Conductive carbon blacks, conventional nanocarbons, have also been used as nanofillers [8689]. Ghosh and Chakrabarti [61] studied the effects of incorporating conducting carbon black as filler on some selected physical and mechanical properties, as well as the EMI shielding character of vulcanizated ethylene-propylene diene monomerbased compounds. After examining the electrical conductivity of the composite by changing the loading amount of carbon black from 0 to 60 %, they found that the percolation threshold was 15-35 % of the carbon black filler in the matrix. To achieve a meaningful EMI SE value of the composite sample, it required the loading of at least of 30-40 % carbon black. The composite exhibited 8 dB of EMI SE at more than 50 % of loading of carbon black in the composite. Rahaman et al. [62] studied the EMI shielding performances of various conductive composites composed of two different types of conductive carbon blacks (Conductex and Printex XE2) filled in matrices such as ethylene–vinyl acetate copolymer, acrylonitrile–butadiene copolymer and their different blends. They found that both the conductivity and the EMI SE of the conductive composites increased as more conductive carbon black filler was loaded. This suggested that the formation of a closed packed conductive network was the most important factor in achieving an efficient EMI shielding performance [Fig. 7(b)]. Similarly, Ravindren et al. [63] reported a flexible composite system that blended ethylene methyl acrylate (EMA) and ethylene octane copolymer with conductive carbon black. The selective distribution of filler Vulcan-XC72 conductive carbon black in the EMA phase facilitated the way for and EMI shielding of the composites [Fig. 7(c)].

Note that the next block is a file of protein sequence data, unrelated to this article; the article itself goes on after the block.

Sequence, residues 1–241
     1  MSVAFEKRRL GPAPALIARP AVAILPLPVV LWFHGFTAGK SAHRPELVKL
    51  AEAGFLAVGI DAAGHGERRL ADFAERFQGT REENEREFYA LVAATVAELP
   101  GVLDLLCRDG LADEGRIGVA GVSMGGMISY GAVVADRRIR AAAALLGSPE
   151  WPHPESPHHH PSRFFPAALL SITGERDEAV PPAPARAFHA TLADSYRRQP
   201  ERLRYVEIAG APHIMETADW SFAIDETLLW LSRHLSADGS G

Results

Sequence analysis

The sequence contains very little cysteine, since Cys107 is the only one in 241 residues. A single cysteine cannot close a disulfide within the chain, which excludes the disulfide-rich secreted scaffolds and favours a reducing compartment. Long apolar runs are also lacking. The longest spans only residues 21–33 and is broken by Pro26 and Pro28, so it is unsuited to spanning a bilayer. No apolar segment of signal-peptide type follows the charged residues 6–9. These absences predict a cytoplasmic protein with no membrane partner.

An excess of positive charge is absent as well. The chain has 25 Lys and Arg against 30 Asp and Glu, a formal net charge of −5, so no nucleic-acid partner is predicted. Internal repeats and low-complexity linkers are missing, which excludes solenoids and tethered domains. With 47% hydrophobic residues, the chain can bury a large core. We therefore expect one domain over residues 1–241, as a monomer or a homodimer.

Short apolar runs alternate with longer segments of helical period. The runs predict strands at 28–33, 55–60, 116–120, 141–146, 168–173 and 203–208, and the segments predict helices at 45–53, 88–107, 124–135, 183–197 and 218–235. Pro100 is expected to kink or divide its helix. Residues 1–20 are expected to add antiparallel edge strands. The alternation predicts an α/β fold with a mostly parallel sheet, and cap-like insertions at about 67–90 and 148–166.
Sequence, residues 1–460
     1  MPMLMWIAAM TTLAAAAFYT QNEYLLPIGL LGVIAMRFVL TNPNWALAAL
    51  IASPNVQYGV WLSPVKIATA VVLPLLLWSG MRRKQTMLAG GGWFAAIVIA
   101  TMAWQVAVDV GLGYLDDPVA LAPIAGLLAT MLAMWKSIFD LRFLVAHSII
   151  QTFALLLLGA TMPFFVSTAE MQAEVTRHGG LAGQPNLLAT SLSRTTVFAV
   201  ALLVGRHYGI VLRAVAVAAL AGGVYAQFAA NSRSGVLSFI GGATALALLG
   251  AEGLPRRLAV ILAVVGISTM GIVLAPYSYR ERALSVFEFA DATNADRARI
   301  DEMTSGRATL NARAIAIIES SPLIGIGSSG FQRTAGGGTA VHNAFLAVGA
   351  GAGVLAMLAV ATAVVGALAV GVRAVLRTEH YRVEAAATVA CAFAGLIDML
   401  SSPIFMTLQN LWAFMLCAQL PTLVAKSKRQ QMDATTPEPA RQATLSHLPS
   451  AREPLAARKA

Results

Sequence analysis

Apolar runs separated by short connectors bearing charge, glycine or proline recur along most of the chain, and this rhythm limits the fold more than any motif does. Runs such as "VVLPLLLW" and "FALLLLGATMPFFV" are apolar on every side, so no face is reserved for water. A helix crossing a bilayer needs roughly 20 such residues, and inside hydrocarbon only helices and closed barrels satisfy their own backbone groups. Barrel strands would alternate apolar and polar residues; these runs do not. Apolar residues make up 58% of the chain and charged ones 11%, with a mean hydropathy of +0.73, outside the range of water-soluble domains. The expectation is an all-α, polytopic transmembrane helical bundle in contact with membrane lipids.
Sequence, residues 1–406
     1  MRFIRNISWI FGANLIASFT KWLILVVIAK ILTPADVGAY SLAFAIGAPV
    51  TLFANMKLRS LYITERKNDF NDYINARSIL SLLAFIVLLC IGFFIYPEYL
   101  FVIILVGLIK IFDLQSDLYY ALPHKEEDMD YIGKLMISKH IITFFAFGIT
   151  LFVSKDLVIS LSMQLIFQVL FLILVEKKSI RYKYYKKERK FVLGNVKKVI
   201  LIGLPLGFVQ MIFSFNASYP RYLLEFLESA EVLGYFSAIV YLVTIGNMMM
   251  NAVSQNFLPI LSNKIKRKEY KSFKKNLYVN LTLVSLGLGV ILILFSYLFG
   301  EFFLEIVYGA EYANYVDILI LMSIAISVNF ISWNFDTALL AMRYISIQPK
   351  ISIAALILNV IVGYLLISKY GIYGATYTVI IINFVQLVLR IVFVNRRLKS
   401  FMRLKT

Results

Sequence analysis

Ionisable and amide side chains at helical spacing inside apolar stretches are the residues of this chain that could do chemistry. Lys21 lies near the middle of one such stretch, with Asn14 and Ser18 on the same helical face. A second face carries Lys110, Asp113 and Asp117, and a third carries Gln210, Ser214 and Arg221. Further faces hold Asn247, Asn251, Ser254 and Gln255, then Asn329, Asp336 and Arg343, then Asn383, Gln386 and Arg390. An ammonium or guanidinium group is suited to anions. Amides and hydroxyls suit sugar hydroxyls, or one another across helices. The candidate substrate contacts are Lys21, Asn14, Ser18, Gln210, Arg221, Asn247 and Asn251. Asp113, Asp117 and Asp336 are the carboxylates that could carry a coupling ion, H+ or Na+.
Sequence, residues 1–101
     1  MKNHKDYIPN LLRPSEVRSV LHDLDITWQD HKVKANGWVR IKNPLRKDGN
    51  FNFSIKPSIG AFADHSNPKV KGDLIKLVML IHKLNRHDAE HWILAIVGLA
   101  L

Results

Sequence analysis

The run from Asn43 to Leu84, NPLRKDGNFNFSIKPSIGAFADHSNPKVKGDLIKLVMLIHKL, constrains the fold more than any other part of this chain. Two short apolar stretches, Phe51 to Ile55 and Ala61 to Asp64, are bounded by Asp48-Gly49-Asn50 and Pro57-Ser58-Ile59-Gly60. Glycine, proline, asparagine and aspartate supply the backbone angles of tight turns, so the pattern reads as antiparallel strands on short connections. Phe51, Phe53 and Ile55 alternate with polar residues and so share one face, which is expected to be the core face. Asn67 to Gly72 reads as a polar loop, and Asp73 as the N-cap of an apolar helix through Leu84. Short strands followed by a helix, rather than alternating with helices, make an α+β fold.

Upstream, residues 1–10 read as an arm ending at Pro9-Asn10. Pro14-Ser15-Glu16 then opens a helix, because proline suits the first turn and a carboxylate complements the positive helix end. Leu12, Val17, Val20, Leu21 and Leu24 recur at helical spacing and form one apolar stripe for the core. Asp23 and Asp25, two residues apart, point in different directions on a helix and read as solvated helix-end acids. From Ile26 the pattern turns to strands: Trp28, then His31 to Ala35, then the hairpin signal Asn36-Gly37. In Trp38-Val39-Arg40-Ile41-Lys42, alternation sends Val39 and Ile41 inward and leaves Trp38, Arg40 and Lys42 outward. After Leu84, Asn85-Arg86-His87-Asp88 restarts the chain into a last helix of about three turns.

### 3.3. MXene based materials for EMI shielding